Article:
LIFFE had had big plans to expand, and intended to redevelop Spitalfields Market in the City of London as they needed a larger building for their open outcry. With the loss of the market for their main product, Bund futures contracts, all expansion plans were shelved. LIFFE realised that, to compete, it had urgently to develop an electronic trading platform instead. It already had an electronic platform called Automated Pit Trading (APT), which was used in after-hours trading when the trading pit was closed. LIFFE now developed a new trading platform, LIFFE CONNECT, for all trading, including the exchange's range of short-term interest rate derivatives contracts. After the creation of the euro in 1999 the exchange won the lion's share of trading in euro-denominated short term interest rate derivatives - the EURIBOR contract. On Friday November 24, 2000 at 5pm, the last three of the once 26 open outcry pits were permanently closed. The design of LIFFE CONNECT made it possible for customers to choose which trading software they would use. LIFFE intended that this flexibility would encourage traders around the world to link to the exchange. And, by the beginning of 2002, customers in 25 countries around the world were trading on LIFFE. This completed a revolution in LIFFE's business: whereas traders had once had to come to LIFFE; now, through LIFFE CONNECT, LIFFE took its market to its customers wherever they were in the world.
Seeing LIFFE CONNECT’s potential, the Blackstone Group and Battery Ventures invested £44m in Liffe to finance the commercial development of the trading platform so that it could be sold to other exchanges. Liffe went on to sell the technology to three exchanges, TIFFE (now renamed the Tokyo Financial Exchange) (2001), the Chicago Board of Trade (2003) and the Tokyo Stock Exchange (2008). Early in 2001 LIFFE said that it had returned to profit. In September that year the exchange announced that it had received a number of expressions of interest in buying the business.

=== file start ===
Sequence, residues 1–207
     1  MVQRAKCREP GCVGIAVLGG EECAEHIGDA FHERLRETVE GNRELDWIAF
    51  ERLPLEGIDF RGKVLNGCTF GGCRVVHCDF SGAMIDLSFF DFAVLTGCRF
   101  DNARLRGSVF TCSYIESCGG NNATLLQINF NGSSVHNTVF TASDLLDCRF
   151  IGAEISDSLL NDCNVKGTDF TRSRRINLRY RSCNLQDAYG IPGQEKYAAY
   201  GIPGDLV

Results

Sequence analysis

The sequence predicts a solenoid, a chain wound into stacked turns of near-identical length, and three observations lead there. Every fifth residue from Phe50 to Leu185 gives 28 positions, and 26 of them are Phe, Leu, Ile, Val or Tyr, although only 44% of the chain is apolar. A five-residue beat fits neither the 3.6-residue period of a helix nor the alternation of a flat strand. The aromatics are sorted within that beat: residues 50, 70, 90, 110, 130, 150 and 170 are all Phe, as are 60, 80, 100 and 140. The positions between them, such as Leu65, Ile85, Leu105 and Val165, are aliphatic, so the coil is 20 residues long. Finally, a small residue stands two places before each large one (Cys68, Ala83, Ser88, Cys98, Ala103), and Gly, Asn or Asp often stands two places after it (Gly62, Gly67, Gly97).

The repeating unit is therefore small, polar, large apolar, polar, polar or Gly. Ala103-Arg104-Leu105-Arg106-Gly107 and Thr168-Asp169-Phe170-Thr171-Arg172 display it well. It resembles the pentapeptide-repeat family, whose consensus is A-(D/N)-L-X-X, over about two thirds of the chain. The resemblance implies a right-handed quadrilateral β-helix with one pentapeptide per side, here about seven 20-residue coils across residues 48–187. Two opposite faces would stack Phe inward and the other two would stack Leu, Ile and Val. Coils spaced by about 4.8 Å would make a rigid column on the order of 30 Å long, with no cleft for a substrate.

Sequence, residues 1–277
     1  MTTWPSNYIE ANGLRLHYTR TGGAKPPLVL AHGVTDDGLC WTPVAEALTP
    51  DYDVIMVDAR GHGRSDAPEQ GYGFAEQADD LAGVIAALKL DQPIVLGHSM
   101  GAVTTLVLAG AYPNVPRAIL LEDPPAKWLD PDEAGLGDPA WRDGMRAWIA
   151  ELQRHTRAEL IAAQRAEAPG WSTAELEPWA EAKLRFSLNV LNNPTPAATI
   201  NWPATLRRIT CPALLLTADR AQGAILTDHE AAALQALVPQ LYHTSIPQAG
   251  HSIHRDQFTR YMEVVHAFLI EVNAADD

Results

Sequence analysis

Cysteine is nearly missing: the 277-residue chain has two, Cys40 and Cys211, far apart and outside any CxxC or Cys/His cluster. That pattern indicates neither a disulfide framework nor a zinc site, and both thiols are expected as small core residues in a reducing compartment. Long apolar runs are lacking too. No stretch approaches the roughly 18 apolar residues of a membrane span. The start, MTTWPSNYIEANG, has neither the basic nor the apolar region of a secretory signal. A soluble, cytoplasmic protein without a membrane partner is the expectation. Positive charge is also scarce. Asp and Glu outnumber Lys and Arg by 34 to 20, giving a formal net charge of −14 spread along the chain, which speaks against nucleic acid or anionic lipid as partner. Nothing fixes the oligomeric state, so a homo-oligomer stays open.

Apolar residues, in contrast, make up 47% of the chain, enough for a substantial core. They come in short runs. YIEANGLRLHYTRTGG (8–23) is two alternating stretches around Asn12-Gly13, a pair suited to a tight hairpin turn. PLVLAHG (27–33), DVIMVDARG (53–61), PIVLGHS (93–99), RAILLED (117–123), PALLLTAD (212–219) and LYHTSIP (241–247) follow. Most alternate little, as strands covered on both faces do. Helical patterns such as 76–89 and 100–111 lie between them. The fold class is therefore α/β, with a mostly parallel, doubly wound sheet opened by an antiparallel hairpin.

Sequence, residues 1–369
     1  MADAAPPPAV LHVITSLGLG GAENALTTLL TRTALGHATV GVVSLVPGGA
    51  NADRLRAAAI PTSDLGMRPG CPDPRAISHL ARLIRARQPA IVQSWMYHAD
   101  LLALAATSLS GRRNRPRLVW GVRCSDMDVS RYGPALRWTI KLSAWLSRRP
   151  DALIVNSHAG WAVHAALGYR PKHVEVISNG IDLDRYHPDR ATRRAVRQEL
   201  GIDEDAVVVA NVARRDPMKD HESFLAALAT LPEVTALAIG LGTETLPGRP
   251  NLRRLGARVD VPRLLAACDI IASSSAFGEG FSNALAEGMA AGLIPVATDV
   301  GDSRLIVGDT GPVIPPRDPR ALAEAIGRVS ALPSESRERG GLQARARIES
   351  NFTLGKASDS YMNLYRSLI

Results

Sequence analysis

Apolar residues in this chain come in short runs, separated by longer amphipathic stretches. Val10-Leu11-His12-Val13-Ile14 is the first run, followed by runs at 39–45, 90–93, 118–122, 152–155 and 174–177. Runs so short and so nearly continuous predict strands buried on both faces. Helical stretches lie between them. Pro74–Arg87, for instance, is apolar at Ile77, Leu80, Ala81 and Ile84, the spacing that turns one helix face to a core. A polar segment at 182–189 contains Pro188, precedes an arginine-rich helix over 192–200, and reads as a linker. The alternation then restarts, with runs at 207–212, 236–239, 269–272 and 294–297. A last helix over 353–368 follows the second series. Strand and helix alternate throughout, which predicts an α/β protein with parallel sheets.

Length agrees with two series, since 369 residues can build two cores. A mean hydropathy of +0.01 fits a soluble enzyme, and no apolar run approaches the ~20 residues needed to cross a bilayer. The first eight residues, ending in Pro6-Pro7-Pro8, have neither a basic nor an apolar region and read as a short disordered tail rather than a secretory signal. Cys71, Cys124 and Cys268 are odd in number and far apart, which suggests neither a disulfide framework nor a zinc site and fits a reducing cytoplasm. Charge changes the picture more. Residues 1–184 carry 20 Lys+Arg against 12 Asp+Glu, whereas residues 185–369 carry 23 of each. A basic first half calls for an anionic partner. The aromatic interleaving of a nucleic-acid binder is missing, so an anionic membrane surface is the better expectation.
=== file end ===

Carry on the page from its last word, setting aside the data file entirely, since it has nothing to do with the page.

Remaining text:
In January 2002 LIFFE was acquired by Euronext, joining the exchanges of Amsterdam, Brussels, Paris and Lisbon. Together with the derivative arms of the continental European exchanges it became Euronext.liffe. Some analysts say that LIFFE had to give up its independence because it had failed to embrace technology early enough. However, in evidence to the Treasury Select Committee, Euronext's chief executive, Jean-Francois Theodore, said that it was the span of LIFFE's business and its trading technology that had attracted Euronext to make its bid. "[F]rom the very foundation of Euronext in March 2000, we said ... that the best partner would be LIFFE and the best system to work with would be CONNECT", he told the Committee on 22 January 2002. For information on LIFFE after the take-over, see LIFFE's website.